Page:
Right Punditry

"The heart of the wise inclines to the right, but the heart of the fool to the left." Ecclesiastes 10:2

Agape, Phileo, Epignosis . . . And Why It Matters To Christian’s Learning

jesus-peter-lovest-thou-me-2Insights Derived from the Definition of Greek Words

By Bob Jones, Northside Bible Church, Jacksonville Florida

What does it mean in 1 Cor 13:10 “when that which is perfect is come, then that which is in part shall be done away”? ….. the “things in part” in verses 8 & 9, which are the things that shall be eliminated.  The “things in part” are the spiritual gifts of “prophecy”, “tongues”, and “knowledge (gnosis, or simple (human) knowledge)”. In verse 8, where the “things in part” pass away, the Greek “passive voice” is used for “prophecy” and “knowledge”, indicating that they will be “caused” to cease, and for “tongues”, the “middle voice” is used indicating that they will fade away on their own rather than be caused to cease.

Concerning “that which is perfect” in verse 10, the Greek word translated “perfect” is “teleion”, a neuter noun which means “an object (which we would correctly translate “it”) which is to become mature or complete”, and the Greek word translated “come” is “eltha” meaning an object which comes into existence”. “That which is perfect” then, cannot be the coming of Jesus, as it is so often taken, because Jesus has always existed. The only neuter object that I can think of, that, when it became “mature or complete”, eliminated the need for the “things in part”, is the completion of the Canon of Scripture, God’s Word, in 96 AD.”   here

The above is an example of the relevance of a complete understand of the Word of God, which takes more than a simple reading.  If you’re not studying the original languages in some theology classes (and how many of us can do that), it serves us all well to find someone who has.

The above is evidence that the “tongues movement” as it’s been called, was meant to and has passed away – it is not used by the Holy Spirit now, according to the above verses.  It was allowed to pass away, because the Lord had prepared the way for ‘the perfect’ – the Bible. The ‘imperfect’ was no longer required.  That knowledge alone can set us on the correct path.

And that is precisely why it’s of such great importance for our spirit growth, to find a church which truly teaches the Bible.  If your very fortunate, you might be able to find one which has a pastor/teacher who has at some knowledge of the ‘original text’ in Greek and Hebrew (as does Bob Jones in the Florida church above).  It takes prayer and patience as these church are not in over abundance, but this is the preferred way to receive the Holy Spirit taught knowledge of the deeper things in the Word of God… this is the “epignosi” (full knowledge) the Lord wants stored in our souls.

In another example, in 1 John 3:16, Jesus ask Simon Peter 3 times, “Do you love me?”  When reading these verses, we might come to the conclusion that Jesus just wasn’t convinced that Peter liked him.  Or more likely, we might wonder why Jesus would ask 3 times?  The answer  is one we might not realize or understand without the original translation.

When Jesus ask Peter, he used the word “agape” (which isn’t an emotional ‘love’, but a feeling of non- bitterness, no ill-will, sacrificial concerns for another).  This is how  God can “command” us to “love your enemy” (Matt. 5:44)  . . . or people who hate us, wish us ill.  He could NOT ask us to feel an emotional ‘love’ for these people, but non bitterness and lack of hatred and malice we are rightly commanded to show — even toward an enemy.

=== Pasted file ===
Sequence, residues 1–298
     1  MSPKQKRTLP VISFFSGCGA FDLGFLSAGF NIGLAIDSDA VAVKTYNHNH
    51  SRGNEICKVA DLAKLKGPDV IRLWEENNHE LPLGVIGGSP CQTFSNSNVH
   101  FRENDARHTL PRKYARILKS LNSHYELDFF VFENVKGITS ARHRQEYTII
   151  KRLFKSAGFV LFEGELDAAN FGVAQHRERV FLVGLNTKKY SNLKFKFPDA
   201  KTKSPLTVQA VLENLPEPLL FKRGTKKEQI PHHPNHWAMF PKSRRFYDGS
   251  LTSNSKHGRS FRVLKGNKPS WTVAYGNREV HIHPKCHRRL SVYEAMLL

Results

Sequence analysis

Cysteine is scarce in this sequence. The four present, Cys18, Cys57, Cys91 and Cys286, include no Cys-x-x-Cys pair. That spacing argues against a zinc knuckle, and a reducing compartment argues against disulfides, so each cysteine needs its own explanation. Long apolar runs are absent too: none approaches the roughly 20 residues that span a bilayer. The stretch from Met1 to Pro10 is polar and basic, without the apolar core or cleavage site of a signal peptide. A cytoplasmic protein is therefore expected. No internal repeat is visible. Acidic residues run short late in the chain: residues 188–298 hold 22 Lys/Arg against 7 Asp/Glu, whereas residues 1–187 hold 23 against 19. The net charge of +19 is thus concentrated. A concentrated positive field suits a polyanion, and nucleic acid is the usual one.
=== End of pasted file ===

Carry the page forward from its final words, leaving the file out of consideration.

God does not ask us to love – “phileo” our enemies, which is ’emotional’ feelings of love or deep friendship, which can’t be commanded.

But when Peter replied, he used the word “phileo” – meaning he loved Him like a friend or brother (an emotional feeling), but he had some reservation or hard feelings toward the Lord.  This makes a huge difference in our understand of the conversation.

The last time Jesus asked Peter this question, the Lord said, “do you phileo me?”, possibly seeing that Peter (at that time) was able to give no more. Peter could not make himself say
“I agape You” — for it was earlier that Peter had denied the Lord (3 times) and could have been feeling the guilt . . .  and possibly annoyance at being asked.  The three denials of Peter, and the three questions of Jesus, must have made the point with Peter much more so than if he had been verbally reprimanded by Jesus for denying Him.

There are multitudes of hidden truths within the Bible, just as was designed.  We are truly blessed when we find our right church and pastor/teacher, so are able to learn these ‘hidden jewels’ and turn them into ‘epignosi’.

There are so good website around – the one a linked to above and one’s in earlier post:




http://www.biblefood.com/ (the last time I checked this link wasn’t working, but please keep trying)


2 comments on “Agape, Phileo, Epignosis . . . And Why It Matters To Christian’s Learning

  1. justturnright
    December 9, 2012

    Very nice post, RP! I love etymology, but confess that outside of the English language I’m lost.
    I’m slightly better with Latin than I am with, say, Spanish.
    But I’m lost after that.

    I’ll be thinking about this post until tomorrow. Many thanks…


    • RightyPunditry
      December 10, 2012

      Thanks — and I’ve drawn a lot of angst, hate, etc. from some. Not unexpected. People don’t like to hear the truth if it interferes with their beliefs/ views.

      Our Pastor/Teacher had a doctorate in Koine Greek and Hebrew – it’s really ‘fun’ to hear the explanation of some words in the original languages – with the original intent (tense, gender, case sensitive, etc.) since that can make a BIG DIFFERENCE int he understanding.


Comments are closed.

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